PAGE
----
BRITISH pubs could be forced to close because of massive increases in energy prices, leading industry figures said on Tuesday, urging the government to step in.
Six of the country's biggest pub and brewing firms said some pubs had seen a more than three-fold hike in bills this year, as part of a wider cost of living crisis.
"We have publicans who are experiencing 300-per cent-plus increases in energy costs and some energy companies are refusing to even quote for supply," said William Lees Jones, managing director of the JW Lees pub group.
"In some instances, tenants are giving us notice since their businesses do not stack up with energy at these costs."
One pub tenant in the 2,700-strong Greene King group has seen a £33,000 (S$53,860) increase in their energy bill this year, said chief executive Nick Mackenzie. "While the government has introduced measures to help households cope with this spike in prices, businesses are having to face this alone, and it is only going to get worse come the autumn.
"Without immediate government intervention to support the sector, we could face the prospect of pubs being unable to pay their bills, jobs being lost and beloved locals across the country forced to close their doors, meaning all the good work done to keep pubs open during the pandemic could be wasted."
Britain's cost of living crisis has seen inflation soar to 40-year highs, with a widening number of strikes over pay offers that fail to keep pace with rising prices.
Last week, energy regulator Ofgem announced an eye-watering 80-per cent increase in gas and electricity prices for the average household from October, with even higher bills expected from January.
But the energy price cap does not apply to businesses.
The companies - Greene King, JW Lees, Carlsberg Marston's, Admiral Taverns, Drake & Morgan and St Austell Brewery - urged the government in an open letter to extend the cap to businesses.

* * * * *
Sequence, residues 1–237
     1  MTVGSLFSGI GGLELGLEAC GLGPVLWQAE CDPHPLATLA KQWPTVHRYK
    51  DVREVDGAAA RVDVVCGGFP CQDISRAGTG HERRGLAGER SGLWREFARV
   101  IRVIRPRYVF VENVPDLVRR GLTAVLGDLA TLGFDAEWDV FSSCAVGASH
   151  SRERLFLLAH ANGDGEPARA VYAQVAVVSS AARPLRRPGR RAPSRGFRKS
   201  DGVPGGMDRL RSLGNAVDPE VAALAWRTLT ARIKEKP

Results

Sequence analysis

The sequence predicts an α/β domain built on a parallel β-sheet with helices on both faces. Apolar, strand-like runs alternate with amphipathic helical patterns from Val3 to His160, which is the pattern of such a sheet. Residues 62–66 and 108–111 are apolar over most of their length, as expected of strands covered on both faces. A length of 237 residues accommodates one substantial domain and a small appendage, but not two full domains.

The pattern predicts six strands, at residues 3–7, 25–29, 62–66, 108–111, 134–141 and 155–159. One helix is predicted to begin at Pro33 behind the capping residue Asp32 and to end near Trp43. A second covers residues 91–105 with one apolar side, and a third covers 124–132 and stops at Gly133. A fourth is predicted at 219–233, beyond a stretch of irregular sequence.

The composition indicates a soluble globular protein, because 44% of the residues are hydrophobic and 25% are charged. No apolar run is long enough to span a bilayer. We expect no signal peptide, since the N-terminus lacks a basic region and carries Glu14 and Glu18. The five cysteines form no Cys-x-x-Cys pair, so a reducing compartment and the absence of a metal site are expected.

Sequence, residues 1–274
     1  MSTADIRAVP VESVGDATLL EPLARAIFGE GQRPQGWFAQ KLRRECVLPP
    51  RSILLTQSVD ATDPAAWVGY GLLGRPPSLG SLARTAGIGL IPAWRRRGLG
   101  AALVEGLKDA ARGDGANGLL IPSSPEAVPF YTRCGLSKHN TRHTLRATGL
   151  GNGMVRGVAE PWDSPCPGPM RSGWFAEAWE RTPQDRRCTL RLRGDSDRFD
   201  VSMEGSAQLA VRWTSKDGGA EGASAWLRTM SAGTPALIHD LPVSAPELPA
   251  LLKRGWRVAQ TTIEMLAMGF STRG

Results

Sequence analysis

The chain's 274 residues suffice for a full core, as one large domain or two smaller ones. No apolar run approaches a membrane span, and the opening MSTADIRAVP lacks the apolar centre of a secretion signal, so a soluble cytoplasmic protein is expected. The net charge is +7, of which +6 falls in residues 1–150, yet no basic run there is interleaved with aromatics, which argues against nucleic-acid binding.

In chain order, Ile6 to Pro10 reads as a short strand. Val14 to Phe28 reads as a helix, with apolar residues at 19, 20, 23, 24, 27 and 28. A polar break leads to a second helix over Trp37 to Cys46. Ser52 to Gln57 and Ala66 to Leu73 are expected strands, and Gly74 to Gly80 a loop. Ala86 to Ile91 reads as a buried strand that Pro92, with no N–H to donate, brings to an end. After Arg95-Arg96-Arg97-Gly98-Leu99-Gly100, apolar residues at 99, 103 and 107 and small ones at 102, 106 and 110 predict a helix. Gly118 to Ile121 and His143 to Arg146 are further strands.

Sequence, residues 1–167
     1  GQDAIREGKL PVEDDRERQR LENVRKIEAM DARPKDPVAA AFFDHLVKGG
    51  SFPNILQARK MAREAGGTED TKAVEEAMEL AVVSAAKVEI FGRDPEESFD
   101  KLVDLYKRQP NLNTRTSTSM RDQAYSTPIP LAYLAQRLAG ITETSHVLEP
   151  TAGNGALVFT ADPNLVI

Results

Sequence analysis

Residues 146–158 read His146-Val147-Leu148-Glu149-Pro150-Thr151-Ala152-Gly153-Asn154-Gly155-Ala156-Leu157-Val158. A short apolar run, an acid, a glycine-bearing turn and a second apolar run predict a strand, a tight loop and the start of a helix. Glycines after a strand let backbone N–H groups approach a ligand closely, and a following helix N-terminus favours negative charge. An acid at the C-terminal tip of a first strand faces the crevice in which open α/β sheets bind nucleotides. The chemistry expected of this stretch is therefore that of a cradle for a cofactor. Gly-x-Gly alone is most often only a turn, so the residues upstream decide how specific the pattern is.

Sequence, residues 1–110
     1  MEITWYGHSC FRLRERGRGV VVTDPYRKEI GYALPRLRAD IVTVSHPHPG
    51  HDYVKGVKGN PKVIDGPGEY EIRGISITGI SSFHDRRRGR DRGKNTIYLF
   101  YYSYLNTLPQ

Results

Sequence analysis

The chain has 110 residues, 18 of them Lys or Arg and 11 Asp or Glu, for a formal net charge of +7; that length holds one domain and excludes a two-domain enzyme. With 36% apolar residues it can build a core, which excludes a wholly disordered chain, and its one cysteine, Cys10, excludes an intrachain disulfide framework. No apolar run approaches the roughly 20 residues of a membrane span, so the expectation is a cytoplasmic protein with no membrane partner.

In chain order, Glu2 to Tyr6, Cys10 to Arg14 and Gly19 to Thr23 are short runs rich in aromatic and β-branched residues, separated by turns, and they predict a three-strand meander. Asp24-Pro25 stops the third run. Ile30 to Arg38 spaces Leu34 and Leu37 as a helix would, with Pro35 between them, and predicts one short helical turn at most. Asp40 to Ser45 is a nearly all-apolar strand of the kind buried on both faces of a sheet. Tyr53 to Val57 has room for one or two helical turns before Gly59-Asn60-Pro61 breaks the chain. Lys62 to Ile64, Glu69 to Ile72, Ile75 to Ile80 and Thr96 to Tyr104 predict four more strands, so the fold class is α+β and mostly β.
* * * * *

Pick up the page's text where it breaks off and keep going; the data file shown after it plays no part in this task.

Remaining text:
Pubs - a mainstay of British social life for centuries - have faced a torrid few years, with a slump in business due to coronavirus lockdowns and social distancing restrictions.
The number of pubs in England and Wales plunged below 40,000 for the first time ever in the first six months of this year, down more than 7,000 in a decade.
The British Beer and Pub Association, an industry body, said energy price rises, caused by hikes in wholesale costs and a squeeze on supplies due to the war in Ukraine, could damage the sector more than the pandemic if nothing is done.
Independent restaurants and takeaways including those selling another British mainstay - fish and chips - have also voiced concern.
The war in Ukraine has forced up the price of the deep-fried delicacy, because of increased tariffs on the import of white fish from Russia and a reduction in the supply of vegetable oil from Ukraine.
On Monday, more than 750 outlets signed an open letter to the government warning that food price and energy inflation, as well as a lack of staff and supply chain delays, were now making hospitality "unsustainable".
"If we lose these our local favourites, we risk losing part of what makes us British," they added.
The British Takeaway Campaign said some shops were now being quoted an eightfold increase in energy prices.
It called for grants for small businesses, a temporary cut in sales tax (VAT) and business rates plus a freeze on the introduction of new regulations bringing increased red tape. AFP